Sunday , March 3 2024
Great music sung by great performers, what more could you want.

Music Review: The Blind Boys Of Alabama (And Friends) – Duets

I'm not a religious person, but I've always understood how a person's faith can inspire them to produce great art. One only needs look at the religious paintings produced throughout the centuries by artists of all faiths for proof of just how many have looked to the divine as their muse. However, no matter how beautiful a painting or inspiring a sculpture might be, it never seems to be able to match the way music is able to communicate an artist's beliefs. Perhaps it's because we experience music on a much more visceral level than the visual arts, it's a living, breathing, thing after all, while the visual arts are static, it's able to elicit the greater emotional reaction. As a test, compare the way you feel while listening to Beethoven's "Ode To Joy" from his Ninth Symphony to the way you react while looking at pictures of Micelangelo's painting of the Sistine Chapel, there's sure to be quite a difference.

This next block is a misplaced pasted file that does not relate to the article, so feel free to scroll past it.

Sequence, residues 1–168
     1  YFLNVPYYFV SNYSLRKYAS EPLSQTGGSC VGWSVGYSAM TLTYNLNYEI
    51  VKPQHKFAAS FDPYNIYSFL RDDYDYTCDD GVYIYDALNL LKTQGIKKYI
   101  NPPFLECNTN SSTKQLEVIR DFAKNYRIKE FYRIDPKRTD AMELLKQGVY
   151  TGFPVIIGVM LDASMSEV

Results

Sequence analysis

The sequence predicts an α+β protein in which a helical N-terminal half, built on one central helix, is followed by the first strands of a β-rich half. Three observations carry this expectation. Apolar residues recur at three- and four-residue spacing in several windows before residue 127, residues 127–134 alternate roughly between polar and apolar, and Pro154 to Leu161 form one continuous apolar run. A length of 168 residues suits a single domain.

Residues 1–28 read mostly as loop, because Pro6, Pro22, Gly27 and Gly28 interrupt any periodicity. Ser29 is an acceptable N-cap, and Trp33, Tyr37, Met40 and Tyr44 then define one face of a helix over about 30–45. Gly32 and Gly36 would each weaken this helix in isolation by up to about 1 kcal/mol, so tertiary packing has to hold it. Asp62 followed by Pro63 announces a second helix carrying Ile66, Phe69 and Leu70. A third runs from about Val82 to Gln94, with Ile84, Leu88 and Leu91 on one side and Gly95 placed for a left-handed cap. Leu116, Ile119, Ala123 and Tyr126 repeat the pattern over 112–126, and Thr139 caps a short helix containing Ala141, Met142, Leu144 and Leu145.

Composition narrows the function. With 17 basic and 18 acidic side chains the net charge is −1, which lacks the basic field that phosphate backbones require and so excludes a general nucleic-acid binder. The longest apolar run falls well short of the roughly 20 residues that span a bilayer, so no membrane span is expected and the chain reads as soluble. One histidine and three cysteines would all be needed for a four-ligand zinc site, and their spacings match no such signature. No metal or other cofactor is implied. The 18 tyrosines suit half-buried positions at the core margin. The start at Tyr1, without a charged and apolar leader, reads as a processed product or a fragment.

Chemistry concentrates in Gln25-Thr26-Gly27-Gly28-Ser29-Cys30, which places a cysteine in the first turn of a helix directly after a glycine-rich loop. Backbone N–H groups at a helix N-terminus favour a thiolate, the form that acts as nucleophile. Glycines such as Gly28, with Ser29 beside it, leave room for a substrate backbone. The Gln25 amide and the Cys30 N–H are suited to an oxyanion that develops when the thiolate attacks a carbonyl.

Even non-religious people like me can't be failed to move while listening to faith based music. As I have the same reaction listening to traditional Sufi poetry from the middle ages as I do listening to European classical work, Native American pow-wow singers, and Jewish cantors, in my case it has nothing to do with being moved by the power of the message that the artist is delivering, but the way in which they are making the delivery. While there are some, there aren't many contemporary musicians who are able to bring that level of passion to their music.

So when I learned that the gospel group The Blind Boys Of Alabama were releasing a collection of recordings they had made with contemporary musicians, I was intrigued. What kind of impact would playing with a gospel group, singing gospel songs, have on popular musicians? Would they be able to rise to the occasion, or would the music sound forced, or, even worse, insincere? I don't know if it's the power of the music, the passion of The Blind Boys, the talent of the performers who have joined them, or a combination of all of the above, but each of the fourteen tracks on the CD Duets, on Saguaro Road Records is not only a pleasure to listen to, but far more sincere than just about anything you're liable to hear on pop radio these days.